A Poet's Double Life

For poets working outside the literary world.

One More Open Mic

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Living Poetry is jumping into the Triangle area open mic scene with an Open Mic Workshop at Straw Valley Café. You might remember this is one of my favorite places to write—and now, it will be one of my favorite places to read.

The idea came out of poetrySpark’s Best of the Open Mic contest. Most of the poets had a good stage presence and delivered their poems in the allotted time, but there was one contestant who must have read the longest poem she had ever written. She went well beyond 5 minutes—more than doubled it in fact—and flipped the page not once, but twice during her stage time. This poet went so long, I had time to go to the bathroom and come back to my seat before she even finished. Needless to say, she didn’t win the contest.

If you’re a “page poet,” getting up to read in front of an audience may feel like torture. I know many good poets who rarely give public readings. In fact, the Featured Reader event was the first time three of the six poets selected by the judges had read their poems in front of an audience.  If you are not an experienced reader, here are a few things to keep in mind:

  1. Pick a poem with audience appeal: That poem about your root canal may not be as interesting to others as it is to you (unless it is hilarious). Believe it or not, an open mic is a form of entertainment. People attend because they enjoy hearing poetry. Sometimes a poem that reads well on the page doesn’t translate well to the ear. That doesn’t mean you have to read fluff or avoid tear-jerker poems. Just be aware of which poems resonate with others.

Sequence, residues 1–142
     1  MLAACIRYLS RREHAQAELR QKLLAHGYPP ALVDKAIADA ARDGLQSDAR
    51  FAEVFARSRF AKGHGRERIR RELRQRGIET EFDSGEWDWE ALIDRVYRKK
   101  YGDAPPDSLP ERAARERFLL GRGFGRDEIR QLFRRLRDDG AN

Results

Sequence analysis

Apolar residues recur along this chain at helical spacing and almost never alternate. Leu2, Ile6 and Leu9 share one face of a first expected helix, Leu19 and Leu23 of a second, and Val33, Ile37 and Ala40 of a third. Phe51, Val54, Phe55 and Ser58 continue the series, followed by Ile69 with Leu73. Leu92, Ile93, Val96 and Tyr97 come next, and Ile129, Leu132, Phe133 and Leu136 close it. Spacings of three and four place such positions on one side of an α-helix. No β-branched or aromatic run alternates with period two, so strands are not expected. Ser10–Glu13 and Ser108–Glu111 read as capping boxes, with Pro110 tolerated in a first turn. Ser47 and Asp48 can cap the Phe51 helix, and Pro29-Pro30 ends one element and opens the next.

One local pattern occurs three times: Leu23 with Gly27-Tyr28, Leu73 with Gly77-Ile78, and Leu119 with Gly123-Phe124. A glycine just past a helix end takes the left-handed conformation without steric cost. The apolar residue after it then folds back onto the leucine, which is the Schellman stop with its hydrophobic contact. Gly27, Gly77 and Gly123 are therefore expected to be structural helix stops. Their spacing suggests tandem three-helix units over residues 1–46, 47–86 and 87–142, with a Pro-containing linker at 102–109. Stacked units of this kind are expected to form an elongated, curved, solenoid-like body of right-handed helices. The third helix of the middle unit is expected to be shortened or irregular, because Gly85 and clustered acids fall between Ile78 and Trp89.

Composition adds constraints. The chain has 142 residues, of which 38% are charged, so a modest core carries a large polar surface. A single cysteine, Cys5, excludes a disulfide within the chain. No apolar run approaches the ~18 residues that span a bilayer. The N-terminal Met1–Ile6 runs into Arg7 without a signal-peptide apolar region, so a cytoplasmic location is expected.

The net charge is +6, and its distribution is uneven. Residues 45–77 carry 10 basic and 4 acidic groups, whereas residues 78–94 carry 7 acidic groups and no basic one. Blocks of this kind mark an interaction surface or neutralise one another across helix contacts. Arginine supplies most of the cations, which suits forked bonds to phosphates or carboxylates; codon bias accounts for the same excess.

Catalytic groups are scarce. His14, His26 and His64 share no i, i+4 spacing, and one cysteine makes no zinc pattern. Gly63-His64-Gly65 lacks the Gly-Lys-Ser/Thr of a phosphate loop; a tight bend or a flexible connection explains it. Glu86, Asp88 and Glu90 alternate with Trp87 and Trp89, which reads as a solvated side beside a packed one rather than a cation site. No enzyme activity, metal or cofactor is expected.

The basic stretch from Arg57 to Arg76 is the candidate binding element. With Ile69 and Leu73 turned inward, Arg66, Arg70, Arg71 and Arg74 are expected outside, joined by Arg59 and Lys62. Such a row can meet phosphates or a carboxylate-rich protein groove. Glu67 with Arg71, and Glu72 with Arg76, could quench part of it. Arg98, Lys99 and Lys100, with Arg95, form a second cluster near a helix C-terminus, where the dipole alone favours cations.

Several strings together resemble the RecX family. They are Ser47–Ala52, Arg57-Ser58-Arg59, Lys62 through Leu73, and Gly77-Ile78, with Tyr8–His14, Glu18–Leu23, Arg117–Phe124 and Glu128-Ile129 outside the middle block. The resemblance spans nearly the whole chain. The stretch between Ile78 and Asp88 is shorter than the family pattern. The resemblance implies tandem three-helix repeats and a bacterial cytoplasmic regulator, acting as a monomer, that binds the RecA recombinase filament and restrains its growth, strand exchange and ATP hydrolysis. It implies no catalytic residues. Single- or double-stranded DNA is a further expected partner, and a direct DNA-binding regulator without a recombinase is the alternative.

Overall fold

2. Know your poem: Read your poem before you step up to the microphone. Read it again. And then when you’re done—read it one more time. This step is particularly important if you are debuting a poem to see how people respond. You don’t have to memorize it (though the audience will be thoroughly impressed if you do), but the poem should be familiar enough so you can read it without stumbling over the words.
  3. Time your reading: Most open mic events have a time limit for each poet to read. Five minutes is enough time to read 2-3 poems (up to 25 lines each) and give the audience a little backstory for each poem. Having a good sense of how long your reading will take should help you feel more relaxed when you are on stage.
  4. Perform your poem (a little): Try to match your delivery to the poem. Be animated in your voice and use hand gestures if the poem is funny or lively. Be subdued if the poem deals with a difficult situation. Always, it is important for you to speak clearly and enunciate each word. The ear is not as forgiving as the eye and needs a little more time to process. Also, pay attention to your own punctuation—use commas, periods, and stanza breaks to pause, make eye contact, and of course, breathe.

Hopefully, you will overcome your fears of reading in public and join us for this event. If you don’t make it tonight, there are other open mic events on the horizon.

Author: poetsdoublelife

Poet and data guru living in Durham, NC.

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